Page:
What is private equity?
Private equity firms buy up large stakes or gain control of businesses with the aim of disposing of them in a few years time at a handsome profit. They raise the capital to do so from investors – and the rewards can be massive.
When deals go wrong, private equity can still make fabulous sums if they sell out before things turn sour – even though their methods may have weakened the business.
How do they make their rich rewards?
The idea is to buy at a bargain price, improve performance and sell at a profit over a short time frame or float the company on the stock exchange. The fees that private equity firms charge investors are often hefty.
Private equity firms buy up large stakes or gain control of businesses with the aim of disposing of them in a few years time at a handsome profit. Picture: Stock
Who are the big players?
They are little known. The larger British operators include Permira, CVC Capital Partners and Bridgepoint. Some major US private equity outfits such as TPG Capital and Blackstone exert huge power over British jobs and businesses.
Why do we know so little about how they operate?
Most private equity firms are owned by their founders and partners, and can operate at a lower level of scrutiny than companies that are publicly listed on a stock market. The latter have to provide regular accounts and other information – private equity operates behind closed doors.
Where do the firms source their money to make deals?
From pension funds, insurance companies and the occasional wealthy individual. They invest in a portfolio of companies and try to squeeze profits out of them to make a chunky return for their investors, and themselves.
Do they use a large amount of debt?
Yes – and this is key. Often they finance takeovers with borrowings that they load onto the company itself, so it ends up owing large amounts. There are tax advantages to using debt and it ramps up the returns to private equity, provided they can sell a company on at a profit.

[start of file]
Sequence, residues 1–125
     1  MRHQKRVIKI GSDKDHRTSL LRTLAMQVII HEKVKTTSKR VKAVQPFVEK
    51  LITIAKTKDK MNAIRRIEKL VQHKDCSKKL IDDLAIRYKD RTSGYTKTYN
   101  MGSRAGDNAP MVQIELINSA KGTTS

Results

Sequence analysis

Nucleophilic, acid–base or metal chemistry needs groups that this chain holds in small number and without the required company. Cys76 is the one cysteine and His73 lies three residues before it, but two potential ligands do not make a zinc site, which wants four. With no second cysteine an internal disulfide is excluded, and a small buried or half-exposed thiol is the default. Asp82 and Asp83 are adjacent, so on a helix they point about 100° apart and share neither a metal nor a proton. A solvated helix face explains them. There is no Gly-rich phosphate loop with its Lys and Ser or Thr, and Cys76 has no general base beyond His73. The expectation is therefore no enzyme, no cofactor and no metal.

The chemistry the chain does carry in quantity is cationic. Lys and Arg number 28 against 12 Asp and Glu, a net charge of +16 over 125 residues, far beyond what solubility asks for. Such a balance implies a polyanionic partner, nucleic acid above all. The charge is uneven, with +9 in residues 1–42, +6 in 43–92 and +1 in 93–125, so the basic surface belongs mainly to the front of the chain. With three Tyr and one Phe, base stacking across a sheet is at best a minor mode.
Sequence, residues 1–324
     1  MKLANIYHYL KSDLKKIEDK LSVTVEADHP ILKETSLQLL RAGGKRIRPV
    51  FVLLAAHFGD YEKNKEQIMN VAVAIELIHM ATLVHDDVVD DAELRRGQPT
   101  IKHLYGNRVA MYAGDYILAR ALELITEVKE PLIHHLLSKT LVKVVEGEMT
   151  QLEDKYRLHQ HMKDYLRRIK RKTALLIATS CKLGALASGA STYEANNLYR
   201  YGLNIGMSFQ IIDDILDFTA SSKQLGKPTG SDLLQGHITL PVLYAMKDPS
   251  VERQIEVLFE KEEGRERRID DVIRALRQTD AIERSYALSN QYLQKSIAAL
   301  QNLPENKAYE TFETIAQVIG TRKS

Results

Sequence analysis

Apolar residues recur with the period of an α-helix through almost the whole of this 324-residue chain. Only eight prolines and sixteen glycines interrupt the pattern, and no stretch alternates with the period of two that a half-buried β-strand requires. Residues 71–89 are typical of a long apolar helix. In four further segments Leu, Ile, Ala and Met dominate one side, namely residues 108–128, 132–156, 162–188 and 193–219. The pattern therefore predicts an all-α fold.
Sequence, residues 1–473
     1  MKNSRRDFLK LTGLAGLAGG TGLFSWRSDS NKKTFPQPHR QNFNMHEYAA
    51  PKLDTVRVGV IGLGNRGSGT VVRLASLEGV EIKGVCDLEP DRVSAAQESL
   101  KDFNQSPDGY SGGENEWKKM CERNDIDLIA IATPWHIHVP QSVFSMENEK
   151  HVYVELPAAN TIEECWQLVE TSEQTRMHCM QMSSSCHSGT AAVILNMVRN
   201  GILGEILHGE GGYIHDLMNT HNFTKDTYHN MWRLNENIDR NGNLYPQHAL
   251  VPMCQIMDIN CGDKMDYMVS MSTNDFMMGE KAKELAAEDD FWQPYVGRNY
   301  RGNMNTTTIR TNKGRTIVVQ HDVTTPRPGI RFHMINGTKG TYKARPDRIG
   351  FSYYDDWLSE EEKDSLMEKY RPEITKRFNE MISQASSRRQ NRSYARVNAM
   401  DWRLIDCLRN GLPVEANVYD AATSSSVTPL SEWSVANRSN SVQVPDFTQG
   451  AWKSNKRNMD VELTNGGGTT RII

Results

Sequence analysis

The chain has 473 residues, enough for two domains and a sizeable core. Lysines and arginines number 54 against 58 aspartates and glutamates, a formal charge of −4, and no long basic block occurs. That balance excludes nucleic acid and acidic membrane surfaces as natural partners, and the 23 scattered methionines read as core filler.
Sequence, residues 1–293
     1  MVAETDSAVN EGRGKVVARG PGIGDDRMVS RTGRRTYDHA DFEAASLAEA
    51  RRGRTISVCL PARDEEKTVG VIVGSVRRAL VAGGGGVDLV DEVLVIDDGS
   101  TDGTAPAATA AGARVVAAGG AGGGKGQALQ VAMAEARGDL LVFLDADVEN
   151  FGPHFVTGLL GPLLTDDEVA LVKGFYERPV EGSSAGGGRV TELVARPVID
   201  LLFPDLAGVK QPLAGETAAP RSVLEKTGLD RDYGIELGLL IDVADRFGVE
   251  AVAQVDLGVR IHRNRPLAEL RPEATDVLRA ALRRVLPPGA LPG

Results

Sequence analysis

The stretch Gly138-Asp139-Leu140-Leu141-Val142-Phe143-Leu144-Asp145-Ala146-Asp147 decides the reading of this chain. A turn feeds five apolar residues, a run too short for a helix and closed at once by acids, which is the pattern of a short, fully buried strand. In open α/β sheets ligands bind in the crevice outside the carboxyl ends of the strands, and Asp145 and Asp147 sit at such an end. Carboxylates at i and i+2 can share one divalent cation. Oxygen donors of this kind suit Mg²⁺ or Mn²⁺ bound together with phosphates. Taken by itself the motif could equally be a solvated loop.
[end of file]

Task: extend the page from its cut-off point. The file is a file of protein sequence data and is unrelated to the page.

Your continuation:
The firms source their money to make deals from pension funds, insurance companies and the occasional wealthy individual. Picture: Stock
But if things go wrong, high levels of debt magnify the damage. Companies bought in debt-laden private equity deals may be more likely to push down wages and cut investment, as well as having a higher risk of going bankrupt. Sometimes, private equity owners will pay themselves large dividends out of borrowed money.
Don’t private equity firms suffer if a deal goes bad?
Not always. Because of the way deals are structured, private equity owners can escape with large profits from companies that later turn into disasters.
Examples include care home group Southern Cross and collapsed department store chain Debenhams.
Do the firms qualify for tax breaks?
Yes. Some interest payments on debt are deductible against tax. And wealthy private equity barons benefit from big tax concessions, including on their ‘carry’, the personal payouts on deals. These can be taxed as capital gains rather than income, resulting in a lower rate.
Some private equity barons pay lower tax rates on chunks of their multi-million pound hauls than employees on £50,000 a year.
A report by the University of Warwick and London Business School last year found that in 2017, £2.3billion of ‘carry’ was paid to 2,000 individuals.
Because of the way deals are structured, private equity owners can escape with large profits from companies that later turn into disasters – examples include collapsed department store chain Debenhams
If all carried interest was taxed as income it would have raised an extra £440million for public spending.
How much do private equity barons earn?
Senior figures are multimillionaires if not billionaires, but information is usually under wraps, unlike with public companies.
A few very large private equity firms are quoted on the US stock market – Stephen Schwarzman, boss of Blackstone, was handed £430million in dividends and pay last year.
Is anyone scrutinising the sector?
Not enough. Huge deals including the takeover of security group G4S for nearly £4billion by a smaller US private equity-backed rival were simply nodded through, even though the company employs 25,000 people in the UK, and has important contracts including running prisons and Covid test centres. It also guards Hinkley Point C nuclear power station in Somerset.